You and Dr. Gasparaitis may determine that you need a tooth extraction for any number of reasons. Some teeth are extracted because they are severely decayed; others may have advanced periodontal disease, or have broken in a way that cannot be repaired. Other teeth may need removal because they are poorly positioned in the mouth (such as impacted teeth), or in preparation for orthodontic treatment.
The removal of a single tooth can lead to problems related to your chewing ability, problems with your jaw joint, and shifting teeth, which can have a major impact on your dental health.
To avoid these complications, in most cases, Dr. Gasparaitis will discuss alternatives to extractions as well as replacement of the extracted tooth.
The Extraction Process
At the time of extraction the doctor will need to numb your tooth, jaw bone and gums that surround the area with a local anesthetic.
During the extraction process you will feel a lot of pressure. This is from the process of firmly rocking the tooth in order to widen the socket for removal.
You feel the pressure without pain as the anesthetic has numbed the nerves stopping the transference of pain, yet the nerves that transmit pressure are not profoundly affected.
If you do feel pain at any time during the extraction please let us know right away.
Sectioning a Tooth
Some teeth require sectioning. This is a very common procedure done when a tooth is so firmly anchored in its socket or the root is curved and the socket can’t expand enough to remove it. The doctor simply cuts the tooth into sections then removes each section one at a time.
After Tooth Extraction
After tooth extraction, it’s important for a blood clot to form to stop the bleeding and begin the healing process. Bite on a gauze pad for 60-90 minutes immediately after the appointment. If the bleeding or oozing still persists, place another gauze pad and bite firmly for another 30 minutes. You may have to do this several times to staunch the flow of blood.
Limit vigorous exercise for the next 24 hours, as this increases blood pressure and may cause more bleeding from the extraction site.
After the blood clot forms it is important not to disturb or dislodge the clot as it aids healing. Do not rinse vigorously, suck on straws, smoke, drink alcohol or brush teeth next to the extraction site for 72 hours. These activities may dislodge or dissolve the clot and hinder the healing process. The lack of formation of a stable blood clot following extractions is known as a “Dry Socket“. Dry Sockets develop 2-3 days following the extraction and are increasingly painful. Please contact our office if you suspect you have Dry Socket symptoms.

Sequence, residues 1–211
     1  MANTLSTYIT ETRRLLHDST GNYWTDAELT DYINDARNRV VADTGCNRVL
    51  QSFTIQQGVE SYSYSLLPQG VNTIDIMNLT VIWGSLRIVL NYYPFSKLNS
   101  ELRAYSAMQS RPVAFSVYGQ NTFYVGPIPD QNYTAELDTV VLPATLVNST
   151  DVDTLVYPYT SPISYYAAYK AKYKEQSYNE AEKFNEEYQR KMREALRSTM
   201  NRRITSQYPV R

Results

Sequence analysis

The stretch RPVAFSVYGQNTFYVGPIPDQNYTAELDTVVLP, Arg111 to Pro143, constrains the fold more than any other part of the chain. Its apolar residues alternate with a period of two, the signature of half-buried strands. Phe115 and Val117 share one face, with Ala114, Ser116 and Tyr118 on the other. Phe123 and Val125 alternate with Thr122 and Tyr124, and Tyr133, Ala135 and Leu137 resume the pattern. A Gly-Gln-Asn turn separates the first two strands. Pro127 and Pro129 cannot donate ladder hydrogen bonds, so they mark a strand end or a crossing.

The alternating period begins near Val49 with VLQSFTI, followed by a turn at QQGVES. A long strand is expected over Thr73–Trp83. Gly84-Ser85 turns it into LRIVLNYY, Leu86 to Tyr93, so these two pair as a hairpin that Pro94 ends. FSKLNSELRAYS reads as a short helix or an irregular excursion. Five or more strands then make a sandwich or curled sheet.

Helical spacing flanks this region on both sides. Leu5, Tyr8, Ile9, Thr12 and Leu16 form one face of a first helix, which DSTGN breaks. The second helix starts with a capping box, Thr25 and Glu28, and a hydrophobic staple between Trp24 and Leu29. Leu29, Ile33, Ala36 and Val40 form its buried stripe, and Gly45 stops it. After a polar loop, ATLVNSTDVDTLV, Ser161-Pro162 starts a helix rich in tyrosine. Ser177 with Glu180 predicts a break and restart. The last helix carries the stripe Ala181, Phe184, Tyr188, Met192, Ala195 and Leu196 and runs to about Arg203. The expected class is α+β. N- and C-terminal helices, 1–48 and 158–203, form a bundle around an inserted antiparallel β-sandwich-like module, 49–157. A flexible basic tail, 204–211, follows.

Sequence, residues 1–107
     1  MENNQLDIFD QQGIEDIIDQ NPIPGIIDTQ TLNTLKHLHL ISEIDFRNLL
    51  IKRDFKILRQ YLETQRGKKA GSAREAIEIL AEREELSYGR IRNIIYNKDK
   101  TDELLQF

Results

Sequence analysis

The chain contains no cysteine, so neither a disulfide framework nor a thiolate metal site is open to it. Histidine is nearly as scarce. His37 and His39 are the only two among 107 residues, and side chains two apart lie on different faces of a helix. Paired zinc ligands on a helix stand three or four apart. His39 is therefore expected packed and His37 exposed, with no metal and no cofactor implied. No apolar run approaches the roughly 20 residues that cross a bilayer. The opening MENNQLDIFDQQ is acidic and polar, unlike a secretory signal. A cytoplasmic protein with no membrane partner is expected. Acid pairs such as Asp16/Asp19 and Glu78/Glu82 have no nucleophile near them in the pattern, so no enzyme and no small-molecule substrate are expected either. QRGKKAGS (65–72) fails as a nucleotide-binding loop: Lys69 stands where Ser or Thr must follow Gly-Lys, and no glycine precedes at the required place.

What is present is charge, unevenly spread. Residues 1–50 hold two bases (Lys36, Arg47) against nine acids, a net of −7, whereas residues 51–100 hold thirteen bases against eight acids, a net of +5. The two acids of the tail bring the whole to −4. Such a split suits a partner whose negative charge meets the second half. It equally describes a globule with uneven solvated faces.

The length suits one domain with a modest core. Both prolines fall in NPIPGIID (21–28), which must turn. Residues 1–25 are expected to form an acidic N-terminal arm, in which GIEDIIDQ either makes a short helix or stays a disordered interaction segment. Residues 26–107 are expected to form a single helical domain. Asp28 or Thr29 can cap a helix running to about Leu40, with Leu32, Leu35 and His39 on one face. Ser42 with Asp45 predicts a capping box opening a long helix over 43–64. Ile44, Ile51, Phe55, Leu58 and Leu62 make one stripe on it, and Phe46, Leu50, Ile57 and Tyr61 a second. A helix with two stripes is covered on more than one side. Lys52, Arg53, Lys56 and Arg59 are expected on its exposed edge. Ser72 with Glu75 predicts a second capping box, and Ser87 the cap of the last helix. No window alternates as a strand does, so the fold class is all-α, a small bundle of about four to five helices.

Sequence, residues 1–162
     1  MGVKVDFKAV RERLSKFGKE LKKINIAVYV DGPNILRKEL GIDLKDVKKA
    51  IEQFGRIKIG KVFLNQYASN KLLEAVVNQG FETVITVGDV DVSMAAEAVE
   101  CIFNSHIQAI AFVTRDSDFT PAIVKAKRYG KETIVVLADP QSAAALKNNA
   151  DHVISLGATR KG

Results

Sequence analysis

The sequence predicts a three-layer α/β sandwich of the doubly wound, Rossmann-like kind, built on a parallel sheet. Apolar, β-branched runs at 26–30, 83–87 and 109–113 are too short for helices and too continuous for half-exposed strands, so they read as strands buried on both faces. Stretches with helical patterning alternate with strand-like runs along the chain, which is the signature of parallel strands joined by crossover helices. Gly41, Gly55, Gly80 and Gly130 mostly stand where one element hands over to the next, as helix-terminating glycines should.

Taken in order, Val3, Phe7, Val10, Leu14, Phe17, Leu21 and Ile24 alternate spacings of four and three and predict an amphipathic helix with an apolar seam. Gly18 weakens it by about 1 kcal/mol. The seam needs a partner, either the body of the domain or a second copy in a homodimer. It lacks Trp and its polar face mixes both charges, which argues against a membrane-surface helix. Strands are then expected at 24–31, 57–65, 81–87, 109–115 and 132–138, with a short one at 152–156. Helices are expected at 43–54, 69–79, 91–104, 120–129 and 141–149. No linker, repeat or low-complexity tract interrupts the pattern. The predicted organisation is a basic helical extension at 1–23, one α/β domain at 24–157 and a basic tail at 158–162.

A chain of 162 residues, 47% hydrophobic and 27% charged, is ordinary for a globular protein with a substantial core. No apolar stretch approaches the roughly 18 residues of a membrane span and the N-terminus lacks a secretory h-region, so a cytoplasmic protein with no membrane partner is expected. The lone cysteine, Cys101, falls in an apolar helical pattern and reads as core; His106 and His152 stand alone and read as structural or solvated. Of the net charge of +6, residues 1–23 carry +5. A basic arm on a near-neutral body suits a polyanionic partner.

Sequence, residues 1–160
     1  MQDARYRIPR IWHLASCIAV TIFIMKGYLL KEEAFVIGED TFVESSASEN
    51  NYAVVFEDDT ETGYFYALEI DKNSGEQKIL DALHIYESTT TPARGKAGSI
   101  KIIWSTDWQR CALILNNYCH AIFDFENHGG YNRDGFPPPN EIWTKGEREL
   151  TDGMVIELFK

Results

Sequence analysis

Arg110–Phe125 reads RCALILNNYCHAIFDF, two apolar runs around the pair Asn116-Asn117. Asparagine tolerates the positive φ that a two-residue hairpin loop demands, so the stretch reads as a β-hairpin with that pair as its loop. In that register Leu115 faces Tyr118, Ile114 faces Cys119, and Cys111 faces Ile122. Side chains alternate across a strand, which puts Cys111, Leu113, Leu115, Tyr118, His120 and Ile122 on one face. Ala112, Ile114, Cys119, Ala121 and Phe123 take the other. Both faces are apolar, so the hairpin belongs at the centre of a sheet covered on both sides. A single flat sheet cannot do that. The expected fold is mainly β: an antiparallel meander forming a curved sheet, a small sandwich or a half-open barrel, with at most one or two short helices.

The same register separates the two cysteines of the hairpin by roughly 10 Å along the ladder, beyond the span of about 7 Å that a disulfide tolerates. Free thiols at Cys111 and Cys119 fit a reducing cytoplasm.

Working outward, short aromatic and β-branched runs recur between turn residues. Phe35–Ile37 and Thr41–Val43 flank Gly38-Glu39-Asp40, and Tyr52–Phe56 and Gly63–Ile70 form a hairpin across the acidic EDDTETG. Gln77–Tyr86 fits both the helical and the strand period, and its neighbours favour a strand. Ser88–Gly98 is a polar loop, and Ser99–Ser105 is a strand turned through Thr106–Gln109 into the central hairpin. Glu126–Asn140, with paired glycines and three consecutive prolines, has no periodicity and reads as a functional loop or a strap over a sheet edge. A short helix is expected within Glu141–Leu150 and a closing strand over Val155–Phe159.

After the tooth is extracted you may feel some pain and experience some swelling. An ice pack or an unopened bag of frozen peas or corn applied to the area will keep swelling to a minimum. Apply the ice pack for 10 minutes to the area, then remove the ice pack for 10 minutes. Alternate this on/off application for the first 30-60 minutes. Take pain medications as prescribed. The swelling usually subsides after 48 hours.
Use pain medication as directed. Call our office at (773) 637-8696 if the medication doesn’t seem to be working. If antibiotics are prescribed, continue to take them for the indicated length of time even if signs and symptoms of infection are gone. Drink lots of fluids and eat nutritious, soft food on the day of the extraction.
You may also rinse very lightly with warm salt water 24 hours after your extraction to help reduce any swelling in the area and to aid with healing. Add one level teaspoon of table salt to 8 ounces of warm water in a glass, stir and rinse gently for 30 seconds, one to two times daily for 3-5 days.
Avoid eating on the side of the extraction for 3-5 days to allow for initial healing to occur. Eat softer foods on the opposite side of your mouth to prevent food from getting into the extraction site and to avoid any sutures (stitches). Then, you can eat normally as soon as you feel comfortable.
It is important to resume your normal dental routine after 24 hours. This should include brushing and flossing your teeth at least once a day. This will speed healing and help keep your mouth fresh and clean.
After a few days you should feel fine and can resume your normal activities. If you have heavy bleeding, severe pain, continued swelling for 2-3 days, or a reaction to the medication, call our office immediately.